The Half-Life of Happiness: Hedonic Adaptation in the Subjective Well-Being of Poor Slum Dwellers to the Satisfaction of Basic Housing Needs

40 Pages Posted: 10 Apr 2015 Last revised: 3 Mar 2016

See all articles by Sebastian Galiani

Sebastian Galiani

University of Maryland - Department of Economics

Paul J. Gertler

University of California, Berkeley - Haas School of Business; National Bureau of Economic Research (NBER)

Raimundo Undurraga

New York University (NYU)

Multiple version iconThere are 2 versions of this paper

Date Written: February 28, 2016

Abstract

A fundamental question in economics is whether happiness increases pari passu with improvements in material conditions or whether humans grow accustomed to better conditions over time. We rely on a large-scale experiment to examine what kind of impact the provision of housing to extremely poor populations in Latin America has on subjective measures of well-being over time. The objective is to determine whether poor populations exhibit hedonic adaptation in happiness derived from reducing the shortfall in the satisfaction of their basic needs. Our results are conclusive. We find that subjective perceptions of well-being improve substantially for recipients of better housing but that after, on average, eight months, 60% of that gain disappears.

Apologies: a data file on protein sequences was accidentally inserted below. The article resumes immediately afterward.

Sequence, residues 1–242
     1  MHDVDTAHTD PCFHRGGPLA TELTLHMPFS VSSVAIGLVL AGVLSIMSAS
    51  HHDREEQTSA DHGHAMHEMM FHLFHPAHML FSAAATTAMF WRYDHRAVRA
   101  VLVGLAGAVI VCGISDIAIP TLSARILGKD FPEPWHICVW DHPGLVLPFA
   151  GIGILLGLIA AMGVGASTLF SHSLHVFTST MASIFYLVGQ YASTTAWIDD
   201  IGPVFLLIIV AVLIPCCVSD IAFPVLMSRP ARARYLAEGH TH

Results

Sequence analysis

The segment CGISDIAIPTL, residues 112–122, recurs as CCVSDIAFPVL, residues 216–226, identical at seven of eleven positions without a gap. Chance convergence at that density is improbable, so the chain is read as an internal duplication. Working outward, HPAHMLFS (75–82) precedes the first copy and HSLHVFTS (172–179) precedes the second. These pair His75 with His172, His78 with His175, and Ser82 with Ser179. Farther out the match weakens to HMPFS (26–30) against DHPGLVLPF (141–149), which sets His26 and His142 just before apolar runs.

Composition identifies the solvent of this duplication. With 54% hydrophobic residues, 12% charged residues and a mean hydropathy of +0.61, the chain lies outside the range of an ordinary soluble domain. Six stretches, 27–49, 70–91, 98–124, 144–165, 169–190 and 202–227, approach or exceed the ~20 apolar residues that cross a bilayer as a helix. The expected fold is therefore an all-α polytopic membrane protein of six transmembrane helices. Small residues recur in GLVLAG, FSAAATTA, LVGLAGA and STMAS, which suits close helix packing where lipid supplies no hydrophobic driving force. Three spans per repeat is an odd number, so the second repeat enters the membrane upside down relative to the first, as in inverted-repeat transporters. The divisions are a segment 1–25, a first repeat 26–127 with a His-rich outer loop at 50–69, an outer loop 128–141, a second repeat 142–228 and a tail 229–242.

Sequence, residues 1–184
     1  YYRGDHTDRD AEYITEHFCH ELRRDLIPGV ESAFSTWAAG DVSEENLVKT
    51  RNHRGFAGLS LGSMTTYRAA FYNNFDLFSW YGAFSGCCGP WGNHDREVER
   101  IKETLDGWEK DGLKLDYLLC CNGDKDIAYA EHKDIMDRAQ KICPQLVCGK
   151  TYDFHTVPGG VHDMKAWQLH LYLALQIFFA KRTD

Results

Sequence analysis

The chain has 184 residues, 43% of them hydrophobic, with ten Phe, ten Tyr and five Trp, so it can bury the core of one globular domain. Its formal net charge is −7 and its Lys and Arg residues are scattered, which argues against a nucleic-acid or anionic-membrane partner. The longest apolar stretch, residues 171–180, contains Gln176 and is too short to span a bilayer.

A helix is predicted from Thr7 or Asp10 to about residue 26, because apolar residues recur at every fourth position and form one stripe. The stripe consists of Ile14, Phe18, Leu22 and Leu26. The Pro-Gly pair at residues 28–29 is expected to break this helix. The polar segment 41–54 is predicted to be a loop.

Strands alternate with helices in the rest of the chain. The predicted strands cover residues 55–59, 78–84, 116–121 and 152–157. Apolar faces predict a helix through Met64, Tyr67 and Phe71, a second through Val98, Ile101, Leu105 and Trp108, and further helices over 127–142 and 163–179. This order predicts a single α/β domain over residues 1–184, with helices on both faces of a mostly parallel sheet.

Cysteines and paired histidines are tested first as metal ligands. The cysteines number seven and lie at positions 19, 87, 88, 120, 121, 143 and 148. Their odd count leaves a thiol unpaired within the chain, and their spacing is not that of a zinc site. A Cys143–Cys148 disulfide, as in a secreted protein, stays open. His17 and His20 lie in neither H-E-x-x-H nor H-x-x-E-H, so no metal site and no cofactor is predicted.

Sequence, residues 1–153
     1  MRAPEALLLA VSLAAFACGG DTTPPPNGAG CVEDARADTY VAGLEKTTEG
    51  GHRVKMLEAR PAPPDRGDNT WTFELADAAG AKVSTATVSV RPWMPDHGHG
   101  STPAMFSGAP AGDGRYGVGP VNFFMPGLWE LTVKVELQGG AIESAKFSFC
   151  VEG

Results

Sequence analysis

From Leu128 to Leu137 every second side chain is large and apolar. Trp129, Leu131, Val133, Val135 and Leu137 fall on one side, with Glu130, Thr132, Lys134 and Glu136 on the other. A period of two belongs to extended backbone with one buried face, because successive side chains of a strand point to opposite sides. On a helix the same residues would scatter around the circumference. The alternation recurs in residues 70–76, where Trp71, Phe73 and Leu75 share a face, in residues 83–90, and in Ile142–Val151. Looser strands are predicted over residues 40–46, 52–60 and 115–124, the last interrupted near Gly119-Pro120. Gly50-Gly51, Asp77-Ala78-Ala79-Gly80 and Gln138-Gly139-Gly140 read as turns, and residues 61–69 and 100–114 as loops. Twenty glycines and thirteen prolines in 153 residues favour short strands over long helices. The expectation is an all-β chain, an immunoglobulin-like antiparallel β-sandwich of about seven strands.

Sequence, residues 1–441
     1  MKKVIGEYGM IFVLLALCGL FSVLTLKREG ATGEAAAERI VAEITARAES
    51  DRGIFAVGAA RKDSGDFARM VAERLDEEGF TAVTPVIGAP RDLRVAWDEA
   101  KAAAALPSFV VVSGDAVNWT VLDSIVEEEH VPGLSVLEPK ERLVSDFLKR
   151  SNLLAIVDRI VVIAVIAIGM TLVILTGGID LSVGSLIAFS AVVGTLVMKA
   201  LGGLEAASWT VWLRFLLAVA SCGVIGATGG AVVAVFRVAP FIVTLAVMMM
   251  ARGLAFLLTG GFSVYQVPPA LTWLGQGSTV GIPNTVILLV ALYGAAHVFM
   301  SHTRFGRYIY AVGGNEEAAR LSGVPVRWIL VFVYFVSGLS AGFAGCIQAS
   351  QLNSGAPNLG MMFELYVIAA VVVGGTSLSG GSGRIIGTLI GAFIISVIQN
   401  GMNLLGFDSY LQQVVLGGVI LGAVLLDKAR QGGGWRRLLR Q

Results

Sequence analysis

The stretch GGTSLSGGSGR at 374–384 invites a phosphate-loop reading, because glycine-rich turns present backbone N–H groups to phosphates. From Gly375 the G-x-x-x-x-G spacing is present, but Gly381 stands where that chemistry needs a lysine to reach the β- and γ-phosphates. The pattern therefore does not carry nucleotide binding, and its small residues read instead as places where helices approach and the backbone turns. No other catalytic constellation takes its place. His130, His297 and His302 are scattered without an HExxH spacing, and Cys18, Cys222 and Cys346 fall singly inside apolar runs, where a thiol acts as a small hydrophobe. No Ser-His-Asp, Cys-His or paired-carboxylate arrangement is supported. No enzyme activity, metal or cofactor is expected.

Keywords: Happiness, Adaptation, Poverty, Experimental Evidence

JEL Classification: I31, D0

Suggested Citation

Galiani, Sebastian and Gertler, Paul J. and Undurraga, Raimundo, The Half-Life of Happiness: Hedonic Adaptation in the Subjective Well-Being of Poor Slum Dwellers to the Satisfaction of Basic Housing Needs (February 28, 2016). Available at SSRN: https://ssrn.com/abstract=2592256 or http://dx.doi.org/10.2139/ssrn.2592256

Sebastian Galiani (Contact Author)

University of Maryland - Department of Economics ( email )

College Park, MD 20742
United States

Paul J. Gertler

University of California, Berkeley - Haas School of Business ( email )

545 Student Services Building, #1900
2220 Piedmont Avenue
Berkeley, CA 94720
United States
510-642-1418 (Phone)
510-642-4700 (Fax)

National Bureau of Economic Research (NBER)

1050 Massachusetts Avenue
Cambridge, MA 02138
United States

Raimundo Undurraga

New York University (NYU) ( email )

Bobst Library, E-resource Acquisitions
20 Cooper Square 3rd Floor
New York, NY 10003-711
United States

Register to save articles to
your library

Register

Paper statistics

Downloads
351
rank
75,427
Abstract Views
5,863
PlumX Metrics